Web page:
July 8 - Thailand's Prime Minister elect Yingluck Shinawatra says she wants to keep campaign promises, but will be flexible; adds baht free float will stay. Arnold Gay reports.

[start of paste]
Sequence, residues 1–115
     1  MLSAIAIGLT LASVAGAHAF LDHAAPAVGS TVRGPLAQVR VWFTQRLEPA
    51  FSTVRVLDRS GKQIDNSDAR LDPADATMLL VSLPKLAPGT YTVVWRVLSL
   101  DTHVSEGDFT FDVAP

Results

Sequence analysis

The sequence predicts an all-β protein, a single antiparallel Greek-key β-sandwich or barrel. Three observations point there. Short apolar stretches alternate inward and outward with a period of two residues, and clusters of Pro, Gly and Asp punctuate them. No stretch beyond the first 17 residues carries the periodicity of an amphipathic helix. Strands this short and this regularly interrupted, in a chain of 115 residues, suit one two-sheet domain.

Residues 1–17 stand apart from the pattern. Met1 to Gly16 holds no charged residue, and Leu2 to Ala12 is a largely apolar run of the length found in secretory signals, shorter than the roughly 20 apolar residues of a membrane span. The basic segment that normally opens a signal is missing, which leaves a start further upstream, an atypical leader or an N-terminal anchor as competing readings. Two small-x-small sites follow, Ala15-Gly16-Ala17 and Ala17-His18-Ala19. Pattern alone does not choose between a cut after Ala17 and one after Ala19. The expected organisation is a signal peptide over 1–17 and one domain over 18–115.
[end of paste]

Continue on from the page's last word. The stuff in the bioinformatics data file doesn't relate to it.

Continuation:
Thailand's Prime Minister elect Yingluck Shinawatra says she wants to keep all the promises she made during her campaign, but adds she will be flexible about policies that just won't work. Yingluck says the people of Thailand will ultimately have to decide how to get past the big and difficult issues. (SOUNDBITE) (English) PRIME MINISTER-ELECT YINGLUCK SHINAWATRA, SAYING: "If when we implemented and we found the problem and we found that, that is the big issue, so I think we're willing to tell the fact and the truth to the country, and make the country to make decision. So I won't just like be stubborn and just launch without thinking about the consequence and effect." Economists warn that following through with all of Puea Thai's promises, which includes a 40 percent hike in the minimum wage, would cause a wage price spiral. But Yingluck believes her party's policies will help raise domestic consumption and GDP, with just a slight rise in inflation. She also stressed that the baht would keep its free float status, dismissing earlier comments from her economics chief Suchart Thadathamrongvej. (SOUNDBITE) (English) PRIME MINSITER-ELECT YINGLUCK SHINAWATRA, SAYING: "We prefer to go by baht market. Yes, but I think this issue quite sensitive, so that's why I think, let me work on, after we get the formality, with the finance minister, so we can have more clearly in the policy. We don't aim to control the baht" Thailand's central bank intervenes only to curb excess volatility in the local currency. Turning to her brother, the self-exiled former Prime Minister Thaksin Shinawatra, Yingluck says she does not know when he will return to Thailand. She says that's up to the Truth for Reconciliation Commission. (SOUNDBITE) (English) PRIME MINSITER-ELECT YINGLUCK SHINAWATRA, SAYING: "All the solutions have to make, unite, Thailand, and reconciliation and everyone accepts the process. That's of key importance. But it should not just be slow, but I think Dr. Kanit (chairman of reconciliation committee) should accelerate all the process and make it fast and clear to Thailand." The commission was set up to investigate political violence in April and May last year. The pro-Thaksin "red shirt" movement wants justice for its members who were killed or maimed, when the army moved against them during a lengthy protest in Bangkok last year. But analysts say Yingluck must avoid antagonizing the army, which toppled her brother when he was prime minister in 2006. Arnold Gay, Reuters.